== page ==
I'm a mom. I have drama in my life. I don't want books with the F-bomb, nor graphic violence. I read for fun and to bring my family together. I read for reducing stress levels. We have never had a television in our home and our children are now mid twenties to 19. We listen together and look for belly-wrenching laughter. So what is it like to live without a TV? Awesomely educational and inspirational. Each new book is a marvel.
This book would not have been so enjoyable to listen, if the narrator had been different. Too funny! I am just drawn in and can see Tom and characters in my mind, clear as day. I loved the stumble when it came to winning the bible. David and who?
There are a few snipettes of the audio that are cut out. Someone wasn't watching what they were doing. But these can be skipped over. It would be nice to see an updated audio prepared. If this were a paper book, then the missing pages would be cause for return to the seller. Because this book is in the public domain, the text is easily found.
If you want a funny story, the kind that are dismissed because "boys will be boys" then you should really enjoy this audiobook because of this specific narration.
I had some mixed feelings about the narration. At first it really bothered me. As I listened more, I really was dragged into the story. Since the primary part of the audio is the storyline I tried to focus on what the characters were actually doing. As the story progressed I came to really enjoy the narration. I think the problem with this narration is it follows Lynn Redgrave. It is really hard to change from a woman to a man narrator when the characters stay the same.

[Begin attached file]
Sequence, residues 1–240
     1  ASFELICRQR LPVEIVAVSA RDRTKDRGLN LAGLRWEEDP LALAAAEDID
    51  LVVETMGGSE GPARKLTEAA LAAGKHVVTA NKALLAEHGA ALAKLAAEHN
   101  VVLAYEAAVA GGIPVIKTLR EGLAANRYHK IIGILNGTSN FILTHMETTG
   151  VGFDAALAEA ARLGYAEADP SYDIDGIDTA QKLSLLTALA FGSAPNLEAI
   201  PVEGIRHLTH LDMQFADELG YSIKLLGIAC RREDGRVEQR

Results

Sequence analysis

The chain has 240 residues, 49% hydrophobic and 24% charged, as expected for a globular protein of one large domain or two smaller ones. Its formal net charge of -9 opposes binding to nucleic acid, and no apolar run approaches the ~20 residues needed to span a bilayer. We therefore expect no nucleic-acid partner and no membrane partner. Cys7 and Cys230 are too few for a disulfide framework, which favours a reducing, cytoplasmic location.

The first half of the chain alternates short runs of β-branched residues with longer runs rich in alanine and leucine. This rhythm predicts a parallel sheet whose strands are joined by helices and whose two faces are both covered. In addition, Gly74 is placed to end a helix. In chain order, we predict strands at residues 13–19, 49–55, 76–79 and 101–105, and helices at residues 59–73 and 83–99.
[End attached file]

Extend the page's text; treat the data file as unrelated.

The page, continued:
I am looking forward to InkDeath. It should help us wrap up a great story/series.
Amazing how adults can screw up kids lives. Anyway, while I don't believe these characters are 7th graders, I can believe they are teens. And they have certainly been dealt a bad hand in this game. Making the best of things is their way of life and I laughed considerably while they did this. I saw the plot coming long before it happened. If you like this book then you should get the Ariadne Meyers narrated books by
Sarah Mlynowski. Start with Bras and Broomsticks. Not only will you laugh about being a teen again, but Ariadne Meyers was great.
I enjoyed Francois Battiste in this book. I'll look for books he has narrated in the future.
A part-time buffoon and ersatz scholar specializing in BS, pedantry, schmaltz and cultural coprophagia.
Finished reading this with my kids, but I probably enjoyed it the most. It was a fun introduction to Lawrence of Arabia written by Alstair MacLean in 1962. It focuses on the role that T.E. Lawrence played in the Arab Revolt during WWI. There is just enough wind-up with his early life, character, etc., and the history/geography of Arabia to insure the thrust of MacLean's small biography doesn't lose nonserious readers in a desert of Arab ignorance. But the book's real brilliance is in MacLean's depiction of the Capture of Aqaba, Battle of Tafileh and the Fall of Damascus. At the end, MacLean also ties the book off with a summary of the post-War years and some of the political results of T.E. Lawrence's work with Winston Churchill and the Colonial Office.
Again, as a biography this is probably not where I would start for T.E. Lawrence. This is more literary hagiography than biography. Alistar MacLean is better known for his war novels like 'The Guns of Navarone' and 'Where Eagles Dare'. MacLean's book came out the same year as Lawrence of Arabia the academy award winning movie (which suggests this was one of those books intended to surf the wave of interest generated by a popular film). But still, if you are going to read one biography to your kids designed around a legend, saint, or mythmaker ... you could certainly feed the kids worse.